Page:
In a multi-center, international study, researchers at Baylor College of Medicine (BCM) and Texas Children's Hospital (TCH) in Houston showed the underlying causes, frequencies, and outcomes of dilated cardiomyopathy (DCM), which often leads to heart failure, paralleling those in adults with DCM. The study also found DCM to be more common among boys of all races and in blacks compared to whites.
"Children with dilated cardiomyopathy are at the same level of risk as adults of having sudden cardiac death and needing transplants," said senior author Dr. Jeffrey Towbin, professor of pediatrics at BCM and chief of pediatric cardiology at TCH. "It is a major cause of death in children just like it is in adults."
Funded by the National Heart, Lung, and Blood Institute, one of the National Institutes of Health, the study identified the causes in 35 percent of the 1,400 cases of pediatric DCM studied, the most common one being myocarditis (inflammation of the heart). The origins of the roughly two-thirds of cases studied were unknown. Infants (less than one year old) were almost ten times more likely to develop DCM than any other pediatric age group (up to 18 years old) studied.
Survival rates for children with DCM were also found to be approximately the same as in adults with the condition. In both groups, around 70 percent live beyond the first year of the disorder's onset, and only 50 percent survive past five years.
DCM, the most common form of cardiomyopathy at any age, occurs when the left ventricle, the heart's major pumping chamber, becomes enlarged and cannot pump effectively, usually resulting in heart arrhythmia, heart failure, and the possible need for a heart transplant. Other forms of cardiomyopathy are characterized by the heart's inability to relax appropriately between pumps, and their outcomes are commonly sudden, unexpected cardiac death.
Roughly one-third of all cases of DCM are genetic in origin. Towbin recommends that people with a family history of DCM be tested for the disorder.
"Even though we can't always determine what the cause is, we know if it's inherited," Towbin said. "With an early diagnosis, we can begin therapy and assess whether transplantation is necessary."
Although these findings represent a major stride toward better understanding and treating DCM, Towbin says much work remains.
"Despite advances in diagnosis and treatment, we are still having significant problems with outcomes in these children just like we are in adults," said Towbin. "There needs to be more support for research in this area."
Ross Tomlin | EurekAlert!
Study relating to materials testing Detecting damages in non-magnetic steel through magnetism
23.07.2018 | Technische Universität Kaiserslautern
Innovative genetic tests for children with developmental disorders and epilepsy
11.07.2018 | Christian-Albrechts-Universität zu Kiel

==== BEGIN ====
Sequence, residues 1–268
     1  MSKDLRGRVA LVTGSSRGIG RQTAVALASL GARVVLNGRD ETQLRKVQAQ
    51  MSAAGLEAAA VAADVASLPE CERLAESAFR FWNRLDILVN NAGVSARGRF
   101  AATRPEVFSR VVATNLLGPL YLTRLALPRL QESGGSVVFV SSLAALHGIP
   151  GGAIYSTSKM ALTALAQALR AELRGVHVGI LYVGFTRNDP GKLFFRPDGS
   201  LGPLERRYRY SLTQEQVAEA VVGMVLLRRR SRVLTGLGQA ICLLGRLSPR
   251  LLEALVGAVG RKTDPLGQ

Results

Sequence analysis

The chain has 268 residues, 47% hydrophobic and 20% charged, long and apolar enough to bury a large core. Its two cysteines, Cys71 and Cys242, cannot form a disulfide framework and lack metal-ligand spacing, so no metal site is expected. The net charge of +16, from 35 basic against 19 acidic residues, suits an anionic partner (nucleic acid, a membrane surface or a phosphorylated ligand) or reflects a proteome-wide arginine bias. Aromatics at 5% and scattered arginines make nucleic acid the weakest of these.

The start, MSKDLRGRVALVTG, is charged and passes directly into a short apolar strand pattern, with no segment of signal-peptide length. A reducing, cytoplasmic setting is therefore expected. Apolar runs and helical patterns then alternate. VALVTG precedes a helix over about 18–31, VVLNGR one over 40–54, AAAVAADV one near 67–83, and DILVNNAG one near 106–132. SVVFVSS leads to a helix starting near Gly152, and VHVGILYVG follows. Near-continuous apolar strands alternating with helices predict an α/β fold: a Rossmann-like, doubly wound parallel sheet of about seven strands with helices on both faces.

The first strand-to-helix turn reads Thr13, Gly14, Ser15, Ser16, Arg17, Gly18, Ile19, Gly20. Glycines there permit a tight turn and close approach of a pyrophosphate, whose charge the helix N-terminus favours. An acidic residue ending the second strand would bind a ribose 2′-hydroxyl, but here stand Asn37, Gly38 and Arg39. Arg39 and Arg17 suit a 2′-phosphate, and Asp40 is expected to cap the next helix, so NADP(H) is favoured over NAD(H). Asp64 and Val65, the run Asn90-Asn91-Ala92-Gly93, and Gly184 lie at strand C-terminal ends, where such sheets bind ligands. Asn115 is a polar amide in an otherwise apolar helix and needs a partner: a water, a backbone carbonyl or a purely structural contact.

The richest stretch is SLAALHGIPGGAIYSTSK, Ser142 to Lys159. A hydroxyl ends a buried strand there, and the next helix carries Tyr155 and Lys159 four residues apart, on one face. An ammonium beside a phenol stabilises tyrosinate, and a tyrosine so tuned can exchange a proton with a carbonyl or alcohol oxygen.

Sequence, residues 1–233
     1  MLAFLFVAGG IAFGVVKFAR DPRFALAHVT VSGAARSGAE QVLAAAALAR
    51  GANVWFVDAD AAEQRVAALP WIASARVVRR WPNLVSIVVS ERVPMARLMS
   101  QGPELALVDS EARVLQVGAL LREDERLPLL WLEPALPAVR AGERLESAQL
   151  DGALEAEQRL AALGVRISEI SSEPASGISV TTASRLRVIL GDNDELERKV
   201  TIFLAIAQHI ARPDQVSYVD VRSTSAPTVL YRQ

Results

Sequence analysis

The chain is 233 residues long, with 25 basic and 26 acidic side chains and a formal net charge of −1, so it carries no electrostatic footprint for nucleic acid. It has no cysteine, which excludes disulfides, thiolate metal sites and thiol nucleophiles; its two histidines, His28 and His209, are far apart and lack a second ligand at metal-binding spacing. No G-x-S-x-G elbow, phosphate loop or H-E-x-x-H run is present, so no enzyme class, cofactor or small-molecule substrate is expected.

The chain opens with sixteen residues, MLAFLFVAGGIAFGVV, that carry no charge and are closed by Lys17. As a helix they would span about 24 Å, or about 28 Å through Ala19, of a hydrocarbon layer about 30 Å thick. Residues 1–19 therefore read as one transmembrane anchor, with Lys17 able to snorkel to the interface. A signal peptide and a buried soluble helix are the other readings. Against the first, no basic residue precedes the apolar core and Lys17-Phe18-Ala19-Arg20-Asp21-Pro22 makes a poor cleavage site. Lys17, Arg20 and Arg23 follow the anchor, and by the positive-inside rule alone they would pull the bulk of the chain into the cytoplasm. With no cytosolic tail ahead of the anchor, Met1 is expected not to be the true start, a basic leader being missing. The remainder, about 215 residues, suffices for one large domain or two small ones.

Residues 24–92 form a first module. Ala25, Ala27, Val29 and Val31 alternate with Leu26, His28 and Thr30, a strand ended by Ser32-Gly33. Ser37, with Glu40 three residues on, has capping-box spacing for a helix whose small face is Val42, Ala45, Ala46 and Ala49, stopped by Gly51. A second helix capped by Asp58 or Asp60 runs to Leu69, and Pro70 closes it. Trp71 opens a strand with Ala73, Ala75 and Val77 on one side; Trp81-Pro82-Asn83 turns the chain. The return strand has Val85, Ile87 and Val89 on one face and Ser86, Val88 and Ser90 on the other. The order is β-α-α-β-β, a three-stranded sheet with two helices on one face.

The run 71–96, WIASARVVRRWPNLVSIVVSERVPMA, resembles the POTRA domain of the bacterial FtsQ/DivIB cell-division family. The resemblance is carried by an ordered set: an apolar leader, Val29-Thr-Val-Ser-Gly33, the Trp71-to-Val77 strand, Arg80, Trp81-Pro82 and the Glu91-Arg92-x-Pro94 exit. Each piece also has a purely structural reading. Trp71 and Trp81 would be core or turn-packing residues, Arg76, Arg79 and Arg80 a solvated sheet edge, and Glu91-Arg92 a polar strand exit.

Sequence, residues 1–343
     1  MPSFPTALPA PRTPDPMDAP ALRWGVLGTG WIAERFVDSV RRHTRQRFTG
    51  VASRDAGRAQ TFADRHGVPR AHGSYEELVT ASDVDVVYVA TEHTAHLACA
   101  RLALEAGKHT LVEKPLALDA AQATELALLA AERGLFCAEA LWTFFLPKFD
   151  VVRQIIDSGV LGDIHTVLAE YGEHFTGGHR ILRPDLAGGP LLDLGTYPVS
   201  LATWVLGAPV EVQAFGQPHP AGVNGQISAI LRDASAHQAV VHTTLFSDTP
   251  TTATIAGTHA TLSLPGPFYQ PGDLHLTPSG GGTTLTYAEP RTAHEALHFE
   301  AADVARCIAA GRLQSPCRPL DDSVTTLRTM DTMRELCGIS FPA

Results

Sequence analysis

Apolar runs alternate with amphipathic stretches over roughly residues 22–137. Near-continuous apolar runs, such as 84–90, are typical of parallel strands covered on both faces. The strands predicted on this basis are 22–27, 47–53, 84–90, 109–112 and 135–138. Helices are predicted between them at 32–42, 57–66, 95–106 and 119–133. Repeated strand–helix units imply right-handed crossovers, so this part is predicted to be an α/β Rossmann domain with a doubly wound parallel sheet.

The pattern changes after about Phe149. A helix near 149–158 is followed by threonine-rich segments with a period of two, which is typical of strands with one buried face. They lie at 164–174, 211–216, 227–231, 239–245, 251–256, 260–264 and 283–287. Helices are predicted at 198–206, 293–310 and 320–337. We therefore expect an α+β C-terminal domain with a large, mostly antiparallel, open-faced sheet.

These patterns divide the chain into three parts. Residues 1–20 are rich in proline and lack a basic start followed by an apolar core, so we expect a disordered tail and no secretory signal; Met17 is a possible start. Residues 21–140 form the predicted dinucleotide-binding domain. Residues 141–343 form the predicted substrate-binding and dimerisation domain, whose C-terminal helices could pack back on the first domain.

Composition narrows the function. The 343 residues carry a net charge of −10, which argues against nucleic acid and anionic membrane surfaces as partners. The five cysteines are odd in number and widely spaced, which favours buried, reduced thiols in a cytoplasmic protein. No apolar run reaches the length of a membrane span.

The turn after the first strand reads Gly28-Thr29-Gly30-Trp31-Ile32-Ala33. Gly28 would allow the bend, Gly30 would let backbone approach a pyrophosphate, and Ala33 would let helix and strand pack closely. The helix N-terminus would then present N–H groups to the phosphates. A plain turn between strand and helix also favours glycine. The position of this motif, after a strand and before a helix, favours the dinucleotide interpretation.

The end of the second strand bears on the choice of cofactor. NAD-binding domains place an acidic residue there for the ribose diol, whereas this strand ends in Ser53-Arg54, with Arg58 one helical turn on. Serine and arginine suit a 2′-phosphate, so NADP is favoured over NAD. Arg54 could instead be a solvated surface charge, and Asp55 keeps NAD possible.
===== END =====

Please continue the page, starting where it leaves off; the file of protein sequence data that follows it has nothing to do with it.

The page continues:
A new manufacturing technique uses a process similar to newspaper printing to form smoother and more flexible metals for making ultrafast electronic devices.
The low-cost process, developed by Purdue University researchers, combines tools already used in industry for manufacturing metals on a large scale, but uses...
For the first time ever, scientists have determined the cosmic origin of highest-energy neutrinos. A research group led by IceCube scientist Elisa Resconi, spokesperson of the Collaborative Research Center SFB1258 at the Technical University of Munich (TUM), provides an important piece of evidence that the particles detected by the IceCube neutrino telescope at the South Pole originate from a galaxy four billion light-years away from Earth.
To rule out other origins with certainty, the team led by neutrino physicist Elisa Resconi from the Technical University of Munich and multi-wavelength...
For the first time a team of researchers have discovered two different phases of magnetic skyrmions in a single material. Physicists of the Technical Universities of Munich and Dresden and the University of Cologne can now better study and understand the properties of these magnetic structures, which are important for both basic research and applications.
Whirlpools are an everyday experience in a bath tub: When the water is drained a circular vortex is formed. Typically, such whirls are rather stable. Similar...
Physicists working with Roland Wester at the University of Innsbruck have investigated if and how chemical reactions can be influenced by targeted vibrational excitation of the reactants. They were able to demonstrate that excitation with a laser beam does not affect the efficiency of a chemical exchange reaction and that the excited molecular group acts only as a spectator in the reaction.
A frequently used reaction in organic chemistry is nucleophilic substitution. It plays, for example, an important role in in the synthesis of new chemical...
Optical spectroscopy allows investigating the energy structure and dynamic properties of complex quantum systems. Researchers from the University of Würzburg present two new approaches of coherent two-dimensional spectroscopy.
"Put an excitation into the system and observe how it evolves." According to physicist Professor Tobias Brixner, this is the credo of optical spectroscopy....
13.07.2018 | Event News
12.07.2018 | Event News
03.07.2018 | Event News
23.07.2018 | Materials Sciences
23.07.2018 | Information Technology
23.07.2018 | Health and Medicine